Plainfield catcher looks back on three year baseball career
By Mike Beas
Like every other senior athlete who couldn’t wait for spring sports to begin, Kyle Dykins won’t get the chance to finish what he started.
Dykins, a catcher who was a fixture behind the plate for the Plainfield High School baseball program since the outset of the 2017 season, must miss out whether it’s conversing with a Quakers’ pitcher or looking back at an opposing base runner.
Photo by Eric Pritchett
The ongoing COVID-19 pandemic has dominated life’s scoreboards the past few months, an unfortunate and unprecedented reality. Nonetheless, Dykins, a soft-spoken senior who aspires to become a firefighter in his hometown, managed to put together an impressive three-year career.
A .214 hitter over the past two seasons, Dykins was slotted into a variety of different places in Plainfield’s batting order. He was counted on more for his defense and leadership.
“When Kyle was an eighth grader, Kalib Clark was a senior catcher who kind of reached out to him,” said third year Plainfield coach Shane Abrell, formerly a Quakers assistant. “Kyle saw the leadership role Kalib had and wanted to be the best catcher he could be.
“Kyle had a great relationship with all of the pitchers on and off the field. He’s quiet, but wasn’t afraid to pull a teammate aside and show them how to do it right.”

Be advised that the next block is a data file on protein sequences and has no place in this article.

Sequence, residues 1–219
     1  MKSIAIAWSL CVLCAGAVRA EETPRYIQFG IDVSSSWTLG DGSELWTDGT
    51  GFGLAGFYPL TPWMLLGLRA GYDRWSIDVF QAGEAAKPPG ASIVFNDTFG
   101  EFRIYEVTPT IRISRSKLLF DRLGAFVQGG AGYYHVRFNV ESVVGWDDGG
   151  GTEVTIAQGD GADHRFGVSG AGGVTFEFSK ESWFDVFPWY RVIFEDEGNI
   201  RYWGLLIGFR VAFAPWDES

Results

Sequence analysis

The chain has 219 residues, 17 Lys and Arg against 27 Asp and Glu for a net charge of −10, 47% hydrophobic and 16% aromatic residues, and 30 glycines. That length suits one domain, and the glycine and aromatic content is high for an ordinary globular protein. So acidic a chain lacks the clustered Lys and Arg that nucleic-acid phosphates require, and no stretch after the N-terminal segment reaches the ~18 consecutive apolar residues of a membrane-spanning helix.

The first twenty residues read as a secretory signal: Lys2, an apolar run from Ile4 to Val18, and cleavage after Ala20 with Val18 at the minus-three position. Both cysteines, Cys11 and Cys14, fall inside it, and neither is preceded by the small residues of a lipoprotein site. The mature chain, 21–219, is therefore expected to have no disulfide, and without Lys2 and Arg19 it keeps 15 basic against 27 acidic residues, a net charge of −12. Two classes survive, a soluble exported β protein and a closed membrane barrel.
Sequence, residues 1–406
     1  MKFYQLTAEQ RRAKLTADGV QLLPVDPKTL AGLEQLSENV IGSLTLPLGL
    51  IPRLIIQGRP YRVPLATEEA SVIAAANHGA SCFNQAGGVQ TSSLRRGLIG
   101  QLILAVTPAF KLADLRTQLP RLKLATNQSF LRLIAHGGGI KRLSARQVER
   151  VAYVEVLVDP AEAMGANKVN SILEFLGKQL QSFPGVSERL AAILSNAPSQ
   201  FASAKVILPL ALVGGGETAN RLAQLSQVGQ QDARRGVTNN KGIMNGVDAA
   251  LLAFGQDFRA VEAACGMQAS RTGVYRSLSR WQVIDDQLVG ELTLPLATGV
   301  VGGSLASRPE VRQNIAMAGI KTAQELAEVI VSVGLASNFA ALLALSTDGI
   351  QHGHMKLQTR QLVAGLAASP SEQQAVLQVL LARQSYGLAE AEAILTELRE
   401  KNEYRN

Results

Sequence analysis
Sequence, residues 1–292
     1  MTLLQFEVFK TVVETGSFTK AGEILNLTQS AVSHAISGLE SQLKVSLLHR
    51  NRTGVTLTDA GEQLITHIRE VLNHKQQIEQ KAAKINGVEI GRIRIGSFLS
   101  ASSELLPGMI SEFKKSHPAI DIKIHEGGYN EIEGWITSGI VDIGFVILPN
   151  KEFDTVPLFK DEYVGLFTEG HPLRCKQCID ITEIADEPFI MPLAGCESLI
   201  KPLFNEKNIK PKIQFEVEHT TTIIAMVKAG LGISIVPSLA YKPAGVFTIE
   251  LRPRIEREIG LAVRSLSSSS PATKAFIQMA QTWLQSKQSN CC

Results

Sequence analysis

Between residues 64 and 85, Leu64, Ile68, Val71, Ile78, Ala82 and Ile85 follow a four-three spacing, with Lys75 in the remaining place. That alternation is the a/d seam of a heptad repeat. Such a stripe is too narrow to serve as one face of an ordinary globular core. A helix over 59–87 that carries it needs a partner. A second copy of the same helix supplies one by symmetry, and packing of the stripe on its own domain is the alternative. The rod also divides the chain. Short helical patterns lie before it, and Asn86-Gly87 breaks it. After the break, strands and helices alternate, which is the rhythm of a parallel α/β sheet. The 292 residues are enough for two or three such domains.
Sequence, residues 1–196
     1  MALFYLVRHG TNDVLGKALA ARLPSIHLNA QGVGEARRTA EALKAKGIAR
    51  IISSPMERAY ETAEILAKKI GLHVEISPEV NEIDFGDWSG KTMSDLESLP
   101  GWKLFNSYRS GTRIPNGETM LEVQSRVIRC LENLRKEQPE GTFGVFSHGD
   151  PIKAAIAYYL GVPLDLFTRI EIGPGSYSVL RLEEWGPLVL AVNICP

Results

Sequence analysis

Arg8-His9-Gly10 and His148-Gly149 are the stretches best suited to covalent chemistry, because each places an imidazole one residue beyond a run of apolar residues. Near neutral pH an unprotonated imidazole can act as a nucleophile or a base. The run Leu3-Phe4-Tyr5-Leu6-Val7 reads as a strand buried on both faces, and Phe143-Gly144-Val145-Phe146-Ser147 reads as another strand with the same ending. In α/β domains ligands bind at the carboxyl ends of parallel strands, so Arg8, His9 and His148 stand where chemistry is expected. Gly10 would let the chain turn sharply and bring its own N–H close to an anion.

Dykins participated in a Q&A with the ICON:
Q: Being a catcher carries with it a lot of demands most spectators might not even notice over the course of a game. Why did you enjoy it so much?
A: You’re involved in every play, and I was always a catcher (growing up). I’ll definitely miss baseball, but it’s time to move on.
Q: Do you remember your first start of your freshman season?
A: We played Evansville Reitz. I was pretty nervous, but once we got through the first inning I was okay. When I look back, I appreciate the years I got to play baseball with my friends. Those are memories that will be with me forever.
Q: What is your reaction to losing much of your senior year socially, academically and athletically?
A: It really stinks because I know there’s no way we can get it all back. I miss playing baseball with my friends, but we kind of came to terms with it. We all still talk with a group text probably a couple times a week.
Q: What is it that made you want to become a firefighter?
A: My mom (Kathryn Pennington) is a firefighter in Plainfield, and I’ve been around her work a lot. She’s been a firefighter for over 20 years. I like being able to help people, and I think it’s a great idea.